Off the beaten track

It comes across almost as a lament on behalf of infrastructure fund managers everywhere: “Investors are very clear on what they don’t want, but are still seeking the ideal structure,” says Marcus Ayre, head of infrastructure transactions in Europe at First State Investments. In other words, ‘please tell us what you really want’ (or something like that).

But First State believes that if you put together the right ingredients, you will come up with something that investors will find appetising. And that is precisely what it has sought to do with its European Diversified Infrastructure Fund. Surmising that investors have lost any affection they might have had for open-ended funds, First State has switched from an evergreen structure to a 15-year fund in which investors are given the opportunity to vote for five-year extensions. This, the firm believes, is the model that investors in infrastructure funds have been waiting for.

The background to so-called “hybrid” funds such as these is the long and ongoing debate about which type of fund model is right for infrastructure. In Europe, investors were long accustomed to the 10-year, closed-end private equity structure by the time the infrastructure asset class arrived on the scene. It was natural for investors to want to simply transfer to infrastructure a model that they were already familiar with. However, questions have been raised about whether this model is too much of a straitjacket on the long-term hold nature of many infrastructure assets – does it, in other words, impose an artificial timeline on the buying and selling of these assets?

Australian roots

For fund managers such as First State, which have their roots in the mature Australian infrastructure market, open-ended funds were the traditional choice. However, investor appetite for open-ended infrastructure funds in Europe appears to be diminishing. The Infrastructure Market Review and Institutional Investor Survey for 2011 by placement agent Probitas Partners found the percentage of investors interested in open-ended funds declining from 16.7 percent in 2009 to 13.4 percent in 2010 and just 5.0 percent this year.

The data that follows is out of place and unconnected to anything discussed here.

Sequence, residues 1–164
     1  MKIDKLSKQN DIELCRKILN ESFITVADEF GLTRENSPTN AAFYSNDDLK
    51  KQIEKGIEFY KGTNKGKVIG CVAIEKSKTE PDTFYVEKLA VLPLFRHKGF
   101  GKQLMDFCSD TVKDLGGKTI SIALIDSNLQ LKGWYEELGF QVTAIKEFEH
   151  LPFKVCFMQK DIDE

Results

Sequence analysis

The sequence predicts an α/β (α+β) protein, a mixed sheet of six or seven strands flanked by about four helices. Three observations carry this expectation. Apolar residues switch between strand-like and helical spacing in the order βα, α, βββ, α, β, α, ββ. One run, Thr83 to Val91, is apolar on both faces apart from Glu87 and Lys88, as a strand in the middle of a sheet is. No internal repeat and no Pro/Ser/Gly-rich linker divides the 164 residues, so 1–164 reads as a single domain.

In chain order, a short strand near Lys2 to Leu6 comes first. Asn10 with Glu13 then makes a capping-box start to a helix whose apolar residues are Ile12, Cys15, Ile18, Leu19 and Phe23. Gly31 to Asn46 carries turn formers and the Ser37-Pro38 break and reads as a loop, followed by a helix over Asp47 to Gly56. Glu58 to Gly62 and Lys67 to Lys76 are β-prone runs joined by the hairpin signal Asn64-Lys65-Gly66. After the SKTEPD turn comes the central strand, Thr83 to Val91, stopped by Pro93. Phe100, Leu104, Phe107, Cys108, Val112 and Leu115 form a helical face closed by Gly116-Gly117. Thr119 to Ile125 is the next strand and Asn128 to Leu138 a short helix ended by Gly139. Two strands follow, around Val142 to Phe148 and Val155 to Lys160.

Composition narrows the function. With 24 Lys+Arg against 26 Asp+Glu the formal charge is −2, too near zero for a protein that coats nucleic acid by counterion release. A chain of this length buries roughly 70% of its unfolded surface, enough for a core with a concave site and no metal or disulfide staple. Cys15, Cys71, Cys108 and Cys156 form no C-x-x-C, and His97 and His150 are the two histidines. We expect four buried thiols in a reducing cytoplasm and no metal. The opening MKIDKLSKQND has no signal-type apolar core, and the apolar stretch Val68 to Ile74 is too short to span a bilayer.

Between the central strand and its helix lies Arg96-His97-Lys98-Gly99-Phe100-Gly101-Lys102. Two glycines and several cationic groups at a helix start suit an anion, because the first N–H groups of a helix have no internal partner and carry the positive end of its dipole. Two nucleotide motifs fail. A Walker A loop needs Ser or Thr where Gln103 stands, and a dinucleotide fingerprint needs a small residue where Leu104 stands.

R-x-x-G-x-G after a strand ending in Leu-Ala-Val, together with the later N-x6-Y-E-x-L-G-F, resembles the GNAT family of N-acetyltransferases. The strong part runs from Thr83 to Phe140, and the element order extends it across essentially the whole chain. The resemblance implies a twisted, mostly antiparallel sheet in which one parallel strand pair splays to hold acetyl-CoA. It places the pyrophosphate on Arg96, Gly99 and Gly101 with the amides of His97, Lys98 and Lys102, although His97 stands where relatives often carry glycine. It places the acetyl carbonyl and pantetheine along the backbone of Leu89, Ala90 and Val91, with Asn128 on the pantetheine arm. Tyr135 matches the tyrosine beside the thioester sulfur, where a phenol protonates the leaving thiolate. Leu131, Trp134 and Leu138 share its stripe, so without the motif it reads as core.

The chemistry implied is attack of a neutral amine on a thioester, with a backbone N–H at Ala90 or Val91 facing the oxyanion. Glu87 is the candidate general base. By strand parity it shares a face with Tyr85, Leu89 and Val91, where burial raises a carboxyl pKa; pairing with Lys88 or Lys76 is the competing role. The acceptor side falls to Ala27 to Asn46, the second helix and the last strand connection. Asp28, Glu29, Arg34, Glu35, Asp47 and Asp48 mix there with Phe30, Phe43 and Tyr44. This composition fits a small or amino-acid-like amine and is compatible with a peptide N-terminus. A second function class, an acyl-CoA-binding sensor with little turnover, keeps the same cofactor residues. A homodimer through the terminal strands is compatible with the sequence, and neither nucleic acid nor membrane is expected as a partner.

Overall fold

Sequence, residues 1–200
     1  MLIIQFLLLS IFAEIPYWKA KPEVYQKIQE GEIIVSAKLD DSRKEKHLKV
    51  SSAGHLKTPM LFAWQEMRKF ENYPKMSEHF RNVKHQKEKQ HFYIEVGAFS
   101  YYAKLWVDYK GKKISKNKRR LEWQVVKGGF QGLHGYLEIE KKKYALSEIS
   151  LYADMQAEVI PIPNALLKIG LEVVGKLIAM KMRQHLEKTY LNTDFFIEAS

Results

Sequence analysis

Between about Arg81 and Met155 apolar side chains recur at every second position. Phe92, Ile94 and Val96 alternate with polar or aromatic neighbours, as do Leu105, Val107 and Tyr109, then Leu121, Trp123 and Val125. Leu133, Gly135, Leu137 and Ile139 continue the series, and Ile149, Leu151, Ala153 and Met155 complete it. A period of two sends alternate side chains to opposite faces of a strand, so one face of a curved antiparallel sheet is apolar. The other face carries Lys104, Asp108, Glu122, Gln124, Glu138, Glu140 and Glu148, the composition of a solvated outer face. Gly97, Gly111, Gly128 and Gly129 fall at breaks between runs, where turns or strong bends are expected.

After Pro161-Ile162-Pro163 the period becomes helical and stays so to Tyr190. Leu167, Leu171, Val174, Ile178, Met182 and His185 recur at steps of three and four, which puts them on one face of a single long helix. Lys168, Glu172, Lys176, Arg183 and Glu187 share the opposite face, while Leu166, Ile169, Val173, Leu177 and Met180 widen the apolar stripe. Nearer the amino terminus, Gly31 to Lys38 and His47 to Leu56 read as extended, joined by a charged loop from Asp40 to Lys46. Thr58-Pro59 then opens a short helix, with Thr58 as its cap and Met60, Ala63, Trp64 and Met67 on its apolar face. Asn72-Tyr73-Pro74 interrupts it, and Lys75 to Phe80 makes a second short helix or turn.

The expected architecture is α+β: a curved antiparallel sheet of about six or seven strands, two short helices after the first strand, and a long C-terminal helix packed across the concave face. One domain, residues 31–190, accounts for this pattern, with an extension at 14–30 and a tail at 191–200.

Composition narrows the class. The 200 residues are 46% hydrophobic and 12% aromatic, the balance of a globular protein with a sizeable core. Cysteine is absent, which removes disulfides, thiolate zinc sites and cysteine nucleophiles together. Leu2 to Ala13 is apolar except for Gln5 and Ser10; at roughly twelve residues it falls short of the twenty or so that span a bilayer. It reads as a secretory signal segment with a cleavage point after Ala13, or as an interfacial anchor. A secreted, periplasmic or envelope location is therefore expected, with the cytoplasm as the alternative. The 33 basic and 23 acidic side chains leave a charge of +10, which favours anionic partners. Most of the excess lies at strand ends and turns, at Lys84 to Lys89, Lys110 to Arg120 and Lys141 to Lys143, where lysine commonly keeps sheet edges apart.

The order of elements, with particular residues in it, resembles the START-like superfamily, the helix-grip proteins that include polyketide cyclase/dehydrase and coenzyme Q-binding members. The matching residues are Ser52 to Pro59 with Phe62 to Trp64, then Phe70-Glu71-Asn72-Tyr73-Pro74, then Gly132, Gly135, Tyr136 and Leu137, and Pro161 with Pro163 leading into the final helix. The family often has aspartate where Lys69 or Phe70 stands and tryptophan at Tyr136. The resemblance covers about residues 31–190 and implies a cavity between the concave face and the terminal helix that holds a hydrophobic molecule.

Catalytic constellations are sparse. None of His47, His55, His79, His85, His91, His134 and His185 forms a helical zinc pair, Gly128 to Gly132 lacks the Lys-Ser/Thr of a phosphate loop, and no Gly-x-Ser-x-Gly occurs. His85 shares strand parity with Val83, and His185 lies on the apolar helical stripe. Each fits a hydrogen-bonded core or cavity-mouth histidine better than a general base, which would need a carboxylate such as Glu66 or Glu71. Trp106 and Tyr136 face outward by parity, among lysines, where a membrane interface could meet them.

Ayre has a theory on why the open-ended model has fallen out of favour. “When the global financial crisis came along, long-term investors thought they had liquidity mechanisms in their hedge fund and real estate fund investments but when they tried to exercise that liquidity, they found they couldn’t. Gating issues arose, with a long line of investors trying to get out. The conduct of some fund managers was not good and trust between GPs and LPs was broken.”

First State has gone in search of those magic ingredients that will win LPs over. One ingredient is what the firm describes as “circuit breakers”, which aim to offer genuine liquidity. One obvious example is the ability to opt for an orderly wind-down of the fund – either at the end of year 15, or at the end of any five-year extension that has been voted for. On top of this, investors can lodge redemption requests and undertake sales on the secondary market. In summary, says Ayre: “This is as much liquidity as we can give investors in what is essentially an illiquid asset class.”

Another ingredient is a wind-down period of sufficient length for assets to be optimally exited. This is topical at a time when some closed-end infrastructure funds have been requesting extensions. “We’ve had a lot of discussions with investors about tenor,” says Jeffrey Altmann, director of investment management at First State. “Some have a problem with private equity’s 10 years plus a two-year extension. For infrastructure businesses, two years is at best challenging. If you are going to extend, you want a sensible period of time to exit.” Hence, the five-year blocks offered by First State.